August 14, 2015 at 1:08 am #19916First SergeantModerator
I saw more weapons go down this past CTT class than I have seen in a long time. We had popped primers, no lube, not enough lube, wrong lube(grease), carbon build up in the chamber that kept the weapon from going into battery and one case of a carbine buffer and spring in a rifle length AR(with an adjustable carbine stock) that caused it to short stroke. It essentially became a bolt action rifle. The buffer was unmarked and it had a coated buffer spring. All of these issues detracted from training time. You want to be able to get the most out of class, not have to worry about your gun going down.
Lube-Next to bad magazines, this is probably second on the list for causing malfunctions. Either due to not using enough or using the wrong kind of lube. Not lubing your gun will cause all kinds of headaches, you can hear the parts grinding together. It will eventually cause the gun to stop due to carbon buildup. Think about what happens to an engine when it is run with no oil, it eventually seizes and so will your gun. Carbines, like women, run better when wet. DO NOT use grease in an AR. Grease is great for an M1 Garand, not for an AR.
Everybody has their opinion when it comes to what type of lube to use. I don’t care what you use, but test it under all conditions to see if it works as advertised. Some found out this weekend that their choice was not the best. I use SLIP 2000. It flat out works in all conditions. Cold, heat, sand, rain and snow. I have used it in all of them and had no issues. It doesn’t disappear like some lubes will and it prevents carbon build up.
Cleaning Kits-You need some type of cleaning kit. Either a kit you buy or one that you put together yourself. At a minimum you need a toothbrush, bore-snake, shaving brush, rag, chamber brush and a cleaning rod. Why a cleaning rod if you are using a bore-snake? If you have to clean your chamber with the chamber brush, you need a rod to do it with. Comes in handy when you get carbon build up in the chamber and your gun won’t go into battery. Also comes in handy if on the off chance you get a stuck case. Contrary to popular belief, AR’s are not maintenance intensive. Forget all the myths that are floating around, what you learned in basic training and the “expert” behind the gun counter. It does not have to be detail stripped and made immaculate every time you fire it. Depending on how you do it, it can cause premature wear to the gun. I use SLIP 2000 Carbon Killer. It works as advertised.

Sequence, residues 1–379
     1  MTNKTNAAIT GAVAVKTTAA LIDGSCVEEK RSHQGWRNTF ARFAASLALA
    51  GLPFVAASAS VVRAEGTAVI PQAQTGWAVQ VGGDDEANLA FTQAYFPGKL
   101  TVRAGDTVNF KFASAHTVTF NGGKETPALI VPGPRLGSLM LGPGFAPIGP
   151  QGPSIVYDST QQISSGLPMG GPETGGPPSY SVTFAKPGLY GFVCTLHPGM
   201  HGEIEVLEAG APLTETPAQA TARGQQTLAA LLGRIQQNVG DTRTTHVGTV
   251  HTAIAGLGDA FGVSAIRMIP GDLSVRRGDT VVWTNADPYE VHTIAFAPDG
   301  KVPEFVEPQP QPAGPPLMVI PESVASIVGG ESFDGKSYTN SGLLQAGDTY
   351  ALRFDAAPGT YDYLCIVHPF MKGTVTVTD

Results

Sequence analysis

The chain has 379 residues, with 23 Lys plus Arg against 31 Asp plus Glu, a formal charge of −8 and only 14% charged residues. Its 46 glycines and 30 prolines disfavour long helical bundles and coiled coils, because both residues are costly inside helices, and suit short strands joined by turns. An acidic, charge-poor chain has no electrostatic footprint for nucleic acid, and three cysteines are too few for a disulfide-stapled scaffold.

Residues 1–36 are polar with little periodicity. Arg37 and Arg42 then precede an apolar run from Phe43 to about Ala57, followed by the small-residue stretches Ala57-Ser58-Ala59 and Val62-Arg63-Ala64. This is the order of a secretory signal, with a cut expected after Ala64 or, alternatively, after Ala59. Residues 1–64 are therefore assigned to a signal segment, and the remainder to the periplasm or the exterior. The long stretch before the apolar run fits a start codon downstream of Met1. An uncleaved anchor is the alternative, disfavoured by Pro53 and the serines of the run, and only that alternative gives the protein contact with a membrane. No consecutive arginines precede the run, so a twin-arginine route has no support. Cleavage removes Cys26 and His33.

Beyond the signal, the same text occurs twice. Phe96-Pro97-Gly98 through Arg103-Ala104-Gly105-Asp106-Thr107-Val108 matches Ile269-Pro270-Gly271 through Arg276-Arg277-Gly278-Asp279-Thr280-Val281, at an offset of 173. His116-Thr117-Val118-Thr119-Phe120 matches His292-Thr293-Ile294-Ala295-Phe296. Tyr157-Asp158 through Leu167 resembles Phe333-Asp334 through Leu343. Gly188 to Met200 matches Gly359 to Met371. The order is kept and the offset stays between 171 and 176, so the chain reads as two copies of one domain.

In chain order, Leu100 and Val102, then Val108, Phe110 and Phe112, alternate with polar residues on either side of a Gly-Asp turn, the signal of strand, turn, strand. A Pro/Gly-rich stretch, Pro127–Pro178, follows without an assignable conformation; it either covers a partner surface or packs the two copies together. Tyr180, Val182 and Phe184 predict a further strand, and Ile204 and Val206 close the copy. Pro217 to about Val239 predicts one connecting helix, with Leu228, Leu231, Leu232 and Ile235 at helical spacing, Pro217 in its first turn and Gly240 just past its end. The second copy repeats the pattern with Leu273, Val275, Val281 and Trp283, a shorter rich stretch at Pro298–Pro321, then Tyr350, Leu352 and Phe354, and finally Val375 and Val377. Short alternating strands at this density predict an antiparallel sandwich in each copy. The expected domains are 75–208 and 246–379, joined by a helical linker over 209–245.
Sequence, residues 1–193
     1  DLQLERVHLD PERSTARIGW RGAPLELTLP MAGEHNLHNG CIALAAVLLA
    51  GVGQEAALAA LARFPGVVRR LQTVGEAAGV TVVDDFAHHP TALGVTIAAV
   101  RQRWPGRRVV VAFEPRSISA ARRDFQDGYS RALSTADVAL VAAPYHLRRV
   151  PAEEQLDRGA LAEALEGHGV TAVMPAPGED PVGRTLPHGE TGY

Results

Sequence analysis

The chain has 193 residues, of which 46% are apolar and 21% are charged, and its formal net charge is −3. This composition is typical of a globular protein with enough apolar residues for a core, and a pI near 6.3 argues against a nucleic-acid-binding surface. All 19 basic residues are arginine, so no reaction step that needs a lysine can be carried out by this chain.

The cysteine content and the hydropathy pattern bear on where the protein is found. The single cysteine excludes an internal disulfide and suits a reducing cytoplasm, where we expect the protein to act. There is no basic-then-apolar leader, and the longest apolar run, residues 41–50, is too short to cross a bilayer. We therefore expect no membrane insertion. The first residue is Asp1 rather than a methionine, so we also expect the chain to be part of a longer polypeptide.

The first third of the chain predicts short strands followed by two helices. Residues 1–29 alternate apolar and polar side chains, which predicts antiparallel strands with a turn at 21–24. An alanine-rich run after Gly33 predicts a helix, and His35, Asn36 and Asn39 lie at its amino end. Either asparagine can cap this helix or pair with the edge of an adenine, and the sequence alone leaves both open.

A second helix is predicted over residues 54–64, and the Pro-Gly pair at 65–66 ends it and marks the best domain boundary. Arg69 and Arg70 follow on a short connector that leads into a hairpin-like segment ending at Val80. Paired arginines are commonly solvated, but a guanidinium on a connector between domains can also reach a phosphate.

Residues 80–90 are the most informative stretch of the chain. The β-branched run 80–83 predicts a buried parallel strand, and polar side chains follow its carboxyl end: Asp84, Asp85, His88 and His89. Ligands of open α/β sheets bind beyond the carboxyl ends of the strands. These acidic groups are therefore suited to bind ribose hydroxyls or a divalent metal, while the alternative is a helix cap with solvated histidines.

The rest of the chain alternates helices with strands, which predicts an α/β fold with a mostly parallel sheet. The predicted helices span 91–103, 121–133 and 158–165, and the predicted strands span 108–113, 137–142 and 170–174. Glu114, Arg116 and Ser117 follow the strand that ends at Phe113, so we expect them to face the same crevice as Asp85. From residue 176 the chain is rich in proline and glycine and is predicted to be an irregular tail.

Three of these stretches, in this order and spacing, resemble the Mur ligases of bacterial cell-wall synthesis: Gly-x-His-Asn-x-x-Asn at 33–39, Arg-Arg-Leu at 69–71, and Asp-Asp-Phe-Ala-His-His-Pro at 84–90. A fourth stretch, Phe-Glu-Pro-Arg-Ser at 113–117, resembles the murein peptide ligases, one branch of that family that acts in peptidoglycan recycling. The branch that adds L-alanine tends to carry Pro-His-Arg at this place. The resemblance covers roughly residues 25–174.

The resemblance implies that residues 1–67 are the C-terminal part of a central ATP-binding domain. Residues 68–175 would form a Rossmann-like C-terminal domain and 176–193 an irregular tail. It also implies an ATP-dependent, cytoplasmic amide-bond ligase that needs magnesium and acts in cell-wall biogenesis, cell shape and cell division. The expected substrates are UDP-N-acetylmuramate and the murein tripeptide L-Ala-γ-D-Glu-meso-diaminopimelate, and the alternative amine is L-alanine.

Spare Parts-You need to keep spare parts on hand. Especially in your patrol pack. Mechanical things break. It’s better to have the parts on hand when you need them vs having a club in your hand. I recommend a complete lower parts kit and a complete bolt carrier group.
Optics-You need to keep a clean rag on hand to be able to clean off your optics, You don’t want to use the same rag that you use to clean your gun. That should be self explanatory. Spare batteries on hand. If you are not running a BUIS, you need to start running one and zero it. Optics break, you need to have sights for your rifle to be effective.
Magazines-If you are using GI mags, don’t try and bend the feed lips back into place or stretch the spring out if you are having malfunctions, get rid of it. There is a reason that most have switched to polymer mags. Most malfunctions have all but disappeared because of polymer mags. Do they still happen? Absolutely, but nowhere near as frequent as they do with aluminum mags.
Ammo Selection-We all like to save money. Something’s you can’t skimp on. Make sure you are using quality ammo. Not only for your load out, but also for training. As I said at the beginning, popped primers caused all kinds of havoc with guns this past weekend. They will get into your lower receiver and stop it cold. You may or may not get it fixed quick. Steel cased ammo also caused all kinds of problems. AR’s were designed around brass cased ammo, use it.
Guns-Buy quality AR’s. Not the cheapest or the crap somebody built in their mom’s basement or some frank-en gun. I’ll put it to you this way, it’s your life and your loved ones life that you are betting on. Are you ready to make that bet with the choice you’ve made?
These are things you need to get sorted out now. Not sometime in the future. You want to be able to depend on your rifle and be able to fix things when they go wrong. Murphy will sneak up on you when you least expect it. Be able to mitigate that by being ready for it. Some of this you may not agree with. I am giving you advice based on experience, not wishful thinking.
Signal out, can you identify.
Je ne regrette rien...
Klagt Nicht, KämpftAugust 14, 2015 at 8:17 am #19918DiznNCParticipant
This is a very good, timely post. This guy is not some internet commando in mommy’s basement. So listen up, troops.
At least these guys are getting all this stuff sorted out in training instead of go-day.
CTT 1505, NODF 1505, CP 1503, LN 1, RC II, RiflemanAugust 14, 2015 at 10:20 am #19931SocksParticipant
Good information First Sergeant, and I have all ready started taking your recommendations from CTT. All I know is that I don’t want to be the guy who’s gun stops running when it’s going down for real. In training it was annoying having to run back to get an extra AR; in combat…. that popped primer would have been my life.
The price of freedom is the willingness to do sudden battle anywhere, any time and with utter recklessness.
Robert A. HeinleinAugust 14, 2015 at 12:31 pm #19938Joe (G.W.N.S.)Moderator
There’s nothing to add.
Solid advice, don’t learn the hard way!
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